Your hands shake, and drip with sweat. Your voice cracks. Your legs threaten to collapse. Your mind races. Your heart drowns out all other sounds with its powerful thumping. Any minute now, the audience will break into small groups to discuss what a loser you are!
You've got stagefright.
Stagefright in its various forms is the most common phobia in the United States. It's often called “performance anxiety" because it doesn't really have to involve a stage. Anyone whose activity brings them to the attention of an audience, however large or small, can experience stagefright.
Stagefright is most commonly experienced as a fear of public speaking. However, people whose career or other interests require them to take the “stage" for other purposes, i. e. , actors, musicians, athletes, etc, will experience stagefright as an impairment of their own particular activity. A mime, for instance, can experience stagefright even though no speaking is involved. The best man at a wedding can experience it, even though all eyes are on the bride. So can a golfer, especially on the first tee.
Stagefright is very treatable. However, many people just suffer with it, with all the limitations and negative emotions it imposes. They either don't realize help is available; they fear they can't be helped; or they think it will be too hard.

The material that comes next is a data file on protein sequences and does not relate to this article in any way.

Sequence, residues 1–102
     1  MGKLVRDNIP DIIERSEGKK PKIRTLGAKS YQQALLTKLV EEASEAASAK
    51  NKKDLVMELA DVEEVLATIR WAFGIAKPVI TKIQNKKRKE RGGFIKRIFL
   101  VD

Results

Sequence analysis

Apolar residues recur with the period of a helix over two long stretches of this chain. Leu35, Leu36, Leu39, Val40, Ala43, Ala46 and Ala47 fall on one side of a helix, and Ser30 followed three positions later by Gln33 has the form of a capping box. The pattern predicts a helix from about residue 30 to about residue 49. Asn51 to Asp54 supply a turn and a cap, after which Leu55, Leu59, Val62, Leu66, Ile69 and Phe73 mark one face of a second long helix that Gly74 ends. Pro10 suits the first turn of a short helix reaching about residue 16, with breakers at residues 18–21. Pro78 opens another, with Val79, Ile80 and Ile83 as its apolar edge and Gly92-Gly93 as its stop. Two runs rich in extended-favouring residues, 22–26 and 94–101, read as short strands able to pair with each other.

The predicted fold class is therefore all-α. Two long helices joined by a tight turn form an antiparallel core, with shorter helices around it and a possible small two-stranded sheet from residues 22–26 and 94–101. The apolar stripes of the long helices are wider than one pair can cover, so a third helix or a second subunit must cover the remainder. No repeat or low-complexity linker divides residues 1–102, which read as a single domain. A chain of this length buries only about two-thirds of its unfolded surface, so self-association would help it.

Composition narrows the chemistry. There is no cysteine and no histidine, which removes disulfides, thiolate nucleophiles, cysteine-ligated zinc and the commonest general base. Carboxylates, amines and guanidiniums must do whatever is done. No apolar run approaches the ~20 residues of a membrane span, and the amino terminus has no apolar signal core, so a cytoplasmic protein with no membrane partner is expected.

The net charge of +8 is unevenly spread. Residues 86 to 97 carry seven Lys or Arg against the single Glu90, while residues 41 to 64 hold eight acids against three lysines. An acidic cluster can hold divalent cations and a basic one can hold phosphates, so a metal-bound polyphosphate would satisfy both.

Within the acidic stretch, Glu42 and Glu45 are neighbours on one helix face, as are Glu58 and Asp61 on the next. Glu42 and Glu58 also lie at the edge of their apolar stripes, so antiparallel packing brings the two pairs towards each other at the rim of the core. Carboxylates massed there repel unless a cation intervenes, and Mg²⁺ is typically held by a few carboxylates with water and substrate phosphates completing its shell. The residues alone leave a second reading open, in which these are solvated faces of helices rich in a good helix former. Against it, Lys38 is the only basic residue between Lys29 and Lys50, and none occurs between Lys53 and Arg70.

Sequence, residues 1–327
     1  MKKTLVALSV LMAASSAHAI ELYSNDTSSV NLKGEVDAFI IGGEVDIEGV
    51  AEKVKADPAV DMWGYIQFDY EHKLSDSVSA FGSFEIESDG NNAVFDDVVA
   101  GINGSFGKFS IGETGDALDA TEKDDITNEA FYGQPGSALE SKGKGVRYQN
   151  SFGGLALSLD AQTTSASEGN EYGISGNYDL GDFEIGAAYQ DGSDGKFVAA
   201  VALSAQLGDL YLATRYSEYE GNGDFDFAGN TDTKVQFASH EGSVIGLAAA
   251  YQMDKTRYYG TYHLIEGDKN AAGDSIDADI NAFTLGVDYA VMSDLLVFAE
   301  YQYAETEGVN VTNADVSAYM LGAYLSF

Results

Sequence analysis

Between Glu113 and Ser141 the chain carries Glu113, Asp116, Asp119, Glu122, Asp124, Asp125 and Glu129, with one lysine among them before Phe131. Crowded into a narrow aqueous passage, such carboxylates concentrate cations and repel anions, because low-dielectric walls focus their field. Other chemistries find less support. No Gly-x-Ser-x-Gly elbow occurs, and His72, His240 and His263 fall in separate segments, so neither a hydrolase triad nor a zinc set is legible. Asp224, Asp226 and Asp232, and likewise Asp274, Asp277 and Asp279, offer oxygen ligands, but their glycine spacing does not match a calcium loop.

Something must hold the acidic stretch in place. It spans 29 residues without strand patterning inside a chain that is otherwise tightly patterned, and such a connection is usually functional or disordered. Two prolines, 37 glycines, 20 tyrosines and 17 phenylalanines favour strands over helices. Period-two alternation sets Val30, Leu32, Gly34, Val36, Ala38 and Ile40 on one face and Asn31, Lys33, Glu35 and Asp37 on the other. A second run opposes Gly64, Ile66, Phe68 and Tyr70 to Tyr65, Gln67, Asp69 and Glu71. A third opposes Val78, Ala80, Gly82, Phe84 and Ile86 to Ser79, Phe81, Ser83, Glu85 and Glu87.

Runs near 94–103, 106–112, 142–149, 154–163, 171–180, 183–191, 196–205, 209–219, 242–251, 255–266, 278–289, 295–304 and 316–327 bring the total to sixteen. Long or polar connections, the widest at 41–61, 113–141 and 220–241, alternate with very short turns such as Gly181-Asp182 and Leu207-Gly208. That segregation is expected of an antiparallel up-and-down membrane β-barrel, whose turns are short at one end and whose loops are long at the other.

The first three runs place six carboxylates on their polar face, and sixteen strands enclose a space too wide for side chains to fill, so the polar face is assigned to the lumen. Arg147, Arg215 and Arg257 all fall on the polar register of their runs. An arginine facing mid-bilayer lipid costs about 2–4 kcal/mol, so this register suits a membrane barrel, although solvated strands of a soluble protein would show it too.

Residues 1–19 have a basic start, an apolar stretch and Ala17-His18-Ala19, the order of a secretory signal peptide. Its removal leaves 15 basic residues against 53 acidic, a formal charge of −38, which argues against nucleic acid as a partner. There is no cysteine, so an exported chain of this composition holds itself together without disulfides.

While everyone's situation will vary in some ways, I find that there are four general ways in which people experience stagefright.
Some people go to great extremes to avoid any possibility of being “on stage". I've worked with clients who carefully chose all their college classes to avoid any presentations, and picked a career which wouldn't ever include any public speaking. These people usually succeed in avoiding presentations, but often have regrets about the way this fear controlled their life choices. If you belong to this group, you are probably troubled by both fear and regrets.
There are others whose fear is less extreme. They don't let the fear dictate their major career and life choices. But they do strive to avoid the occasional presentation at work, the wedding toast, and the leadership of a civic group. They usually keep their fear a secret, and try to find ways around it. As a result, they never feel secure. The problem hangs over their head for lengthy periods of their life, even though they rarely actually give a presentation. If you belong to this group, you probably suffer considerable anticipatory fear and shame.